This is when my book, The Day I Broke My Brain, started on paper.

I re-read my journal notes as often as I could because I couldn’t always remember what I had written. Diligently, I would pen chapter suggestions and topics to write about. It took me almost a year of writing. Writing a book was entirely new to me as I had never set out to do anything like it before. Like so much of life after brain injury, it was unchartered territory for me.

At this point in time, my story was entirely handwritten. I knew that to get the book project started, I needed to be able to email what I had written. My next step was to type up my scribbled handwritten notes so that I would have a readable format. I set myself up to type a few pages on a daily basis. I set myself a goal to have it completed within a month’s time.

The typing was very much a form of rehab and mental stimulation at the same time. Though the overall process was very rewarding, after a couple of long days of typing I suffered from bad neuro-fatigue. It knocked me out for days, I was so mentally exhausted. This happened several times as I worked my way through the typing out of my book. I took the required breaks to help myself recover, and then I would start again. I was determined to finish.

A full month later, I completed typing the first draft of my upcoming book. The Day I Broke My Brain was born!

I was feeling really proud of myself, given what I had already been through. While writing my book, I was still recovering from my brain injury and all the TBI difficulties it brings to me on a daily basis. Writing my book is one of the most satisfying things that I ever had done in my life.

My next immediate thought was this, “Who do I contact to try to get it published (as I do not know the book industry)?” I contacted David A. Grant from TBI HOPE in the USA. I had read David’s books and followed TBI Hope & Inspiration on Facebook. Additionally, I received the monthly electronic distribution of TBI HOPE Magazine during my rehab and recovery. I found it to be very informative and it helped me a lot. I finally felt like I was not alone battling TBI.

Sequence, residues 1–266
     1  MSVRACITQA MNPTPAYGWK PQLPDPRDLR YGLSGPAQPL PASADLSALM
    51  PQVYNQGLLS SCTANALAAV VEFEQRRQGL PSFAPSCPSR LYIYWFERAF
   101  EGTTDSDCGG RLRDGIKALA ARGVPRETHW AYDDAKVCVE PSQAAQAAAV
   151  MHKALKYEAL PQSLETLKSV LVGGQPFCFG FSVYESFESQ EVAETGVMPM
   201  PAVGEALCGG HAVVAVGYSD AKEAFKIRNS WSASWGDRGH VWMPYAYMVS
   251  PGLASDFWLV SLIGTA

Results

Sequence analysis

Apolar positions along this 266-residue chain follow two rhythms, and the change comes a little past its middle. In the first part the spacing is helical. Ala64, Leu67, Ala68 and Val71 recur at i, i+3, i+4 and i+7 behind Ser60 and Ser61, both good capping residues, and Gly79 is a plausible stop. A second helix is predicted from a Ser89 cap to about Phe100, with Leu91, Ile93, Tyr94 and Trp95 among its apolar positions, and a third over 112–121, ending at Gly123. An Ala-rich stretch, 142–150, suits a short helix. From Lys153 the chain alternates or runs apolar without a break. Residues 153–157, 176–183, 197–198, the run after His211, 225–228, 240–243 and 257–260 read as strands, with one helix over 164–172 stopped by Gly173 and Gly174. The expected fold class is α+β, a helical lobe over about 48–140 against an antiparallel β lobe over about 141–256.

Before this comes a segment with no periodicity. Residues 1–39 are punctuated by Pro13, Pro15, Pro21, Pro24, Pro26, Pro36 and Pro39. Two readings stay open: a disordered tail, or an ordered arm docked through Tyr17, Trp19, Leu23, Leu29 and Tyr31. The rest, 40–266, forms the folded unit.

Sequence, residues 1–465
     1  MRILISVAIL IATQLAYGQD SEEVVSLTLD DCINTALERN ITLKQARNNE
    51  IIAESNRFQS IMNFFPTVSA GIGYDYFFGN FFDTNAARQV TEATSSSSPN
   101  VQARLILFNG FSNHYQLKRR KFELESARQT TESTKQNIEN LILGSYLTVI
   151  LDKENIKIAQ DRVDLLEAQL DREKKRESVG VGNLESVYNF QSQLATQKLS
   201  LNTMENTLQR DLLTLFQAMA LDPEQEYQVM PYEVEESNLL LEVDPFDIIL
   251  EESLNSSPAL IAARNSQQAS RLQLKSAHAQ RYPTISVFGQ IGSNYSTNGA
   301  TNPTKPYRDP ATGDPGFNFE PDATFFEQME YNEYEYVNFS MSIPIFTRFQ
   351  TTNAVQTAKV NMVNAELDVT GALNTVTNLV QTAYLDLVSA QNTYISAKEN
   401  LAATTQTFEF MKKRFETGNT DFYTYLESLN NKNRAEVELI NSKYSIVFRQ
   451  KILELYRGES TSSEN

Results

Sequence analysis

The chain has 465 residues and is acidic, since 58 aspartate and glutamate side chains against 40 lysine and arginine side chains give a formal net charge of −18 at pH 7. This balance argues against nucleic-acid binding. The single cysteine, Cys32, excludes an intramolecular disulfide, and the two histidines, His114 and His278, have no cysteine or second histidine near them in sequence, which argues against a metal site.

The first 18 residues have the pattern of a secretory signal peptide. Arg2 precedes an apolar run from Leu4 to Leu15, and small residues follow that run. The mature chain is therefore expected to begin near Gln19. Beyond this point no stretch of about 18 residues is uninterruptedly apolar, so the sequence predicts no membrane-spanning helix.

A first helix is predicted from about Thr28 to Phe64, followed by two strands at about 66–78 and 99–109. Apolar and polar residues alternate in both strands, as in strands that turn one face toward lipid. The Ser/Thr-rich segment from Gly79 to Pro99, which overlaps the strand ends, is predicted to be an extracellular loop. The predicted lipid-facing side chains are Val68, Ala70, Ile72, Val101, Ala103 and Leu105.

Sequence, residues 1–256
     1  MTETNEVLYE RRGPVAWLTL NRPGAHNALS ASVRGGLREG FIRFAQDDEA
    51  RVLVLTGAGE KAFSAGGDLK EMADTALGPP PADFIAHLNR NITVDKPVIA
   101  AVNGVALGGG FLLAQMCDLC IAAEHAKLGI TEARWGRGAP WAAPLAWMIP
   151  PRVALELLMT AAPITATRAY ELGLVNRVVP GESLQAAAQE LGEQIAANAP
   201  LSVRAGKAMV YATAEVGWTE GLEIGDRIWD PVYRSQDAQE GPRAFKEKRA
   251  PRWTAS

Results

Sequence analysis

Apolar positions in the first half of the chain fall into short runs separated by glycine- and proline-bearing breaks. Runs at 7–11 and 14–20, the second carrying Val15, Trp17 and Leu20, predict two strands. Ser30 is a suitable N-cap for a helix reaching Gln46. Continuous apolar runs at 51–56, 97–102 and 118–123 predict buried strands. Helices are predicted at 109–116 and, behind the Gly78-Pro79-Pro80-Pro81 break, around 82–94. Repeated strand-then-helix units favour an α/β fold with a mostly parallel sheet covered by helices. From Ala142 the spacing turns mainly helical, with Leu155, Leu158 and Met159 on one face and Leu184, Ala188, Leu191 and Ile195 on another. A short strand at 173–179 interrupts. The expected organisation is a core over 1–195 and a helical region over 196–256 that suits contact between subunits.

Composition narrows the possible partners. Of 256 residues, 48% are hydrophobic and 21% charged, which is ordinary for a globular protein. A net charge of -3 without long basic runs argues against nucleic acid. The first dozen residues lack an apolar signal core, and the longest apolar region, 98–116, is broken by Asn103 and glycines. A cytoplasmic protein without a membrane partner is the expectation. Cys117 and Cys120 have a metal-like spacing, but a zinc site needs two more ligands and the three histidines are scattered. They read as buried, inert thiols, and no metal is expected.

So, after a few emails with David, we agreed to work together to get my story to a book format using his skills and personal experience. David is a TBI survivor who also knows the book business.

I still can’t believe it really. I am actually going to have a book about my own TBI story. This is so exciting. The main purpose of writing my TBI story is to provide help to other TBI survivors and their families. My hope is that my new book may provide them with hope, motivation, and inspiration to keep positive and push themselves during their own recovery process. Readers may try something I did during my own recovery that assisted me, as it could help with their own recovery.

I have a framed quote in my lounge room. It was something I looked at regularly and read on a weekly basis.

It reads as follows…

“Sometimes the best thing you can do is not think, not wonder, not imagine, just breathe and have faith that everything will work out for the best.”

I have used this statement as a kind of mantra to help me to live in the moment and not look too far ahead during my recovery. I still do it to this day.

I believe that everything in life happens for a reason. I often say to myself that I survived my TBI so that my experience can help others.

At this time, I am almost two years out from my accident; an accident that gave me life membership as a brain injury survivor. My recovery is still improving and today I love my life.

I hope to never forget that I am one of the lucky ones.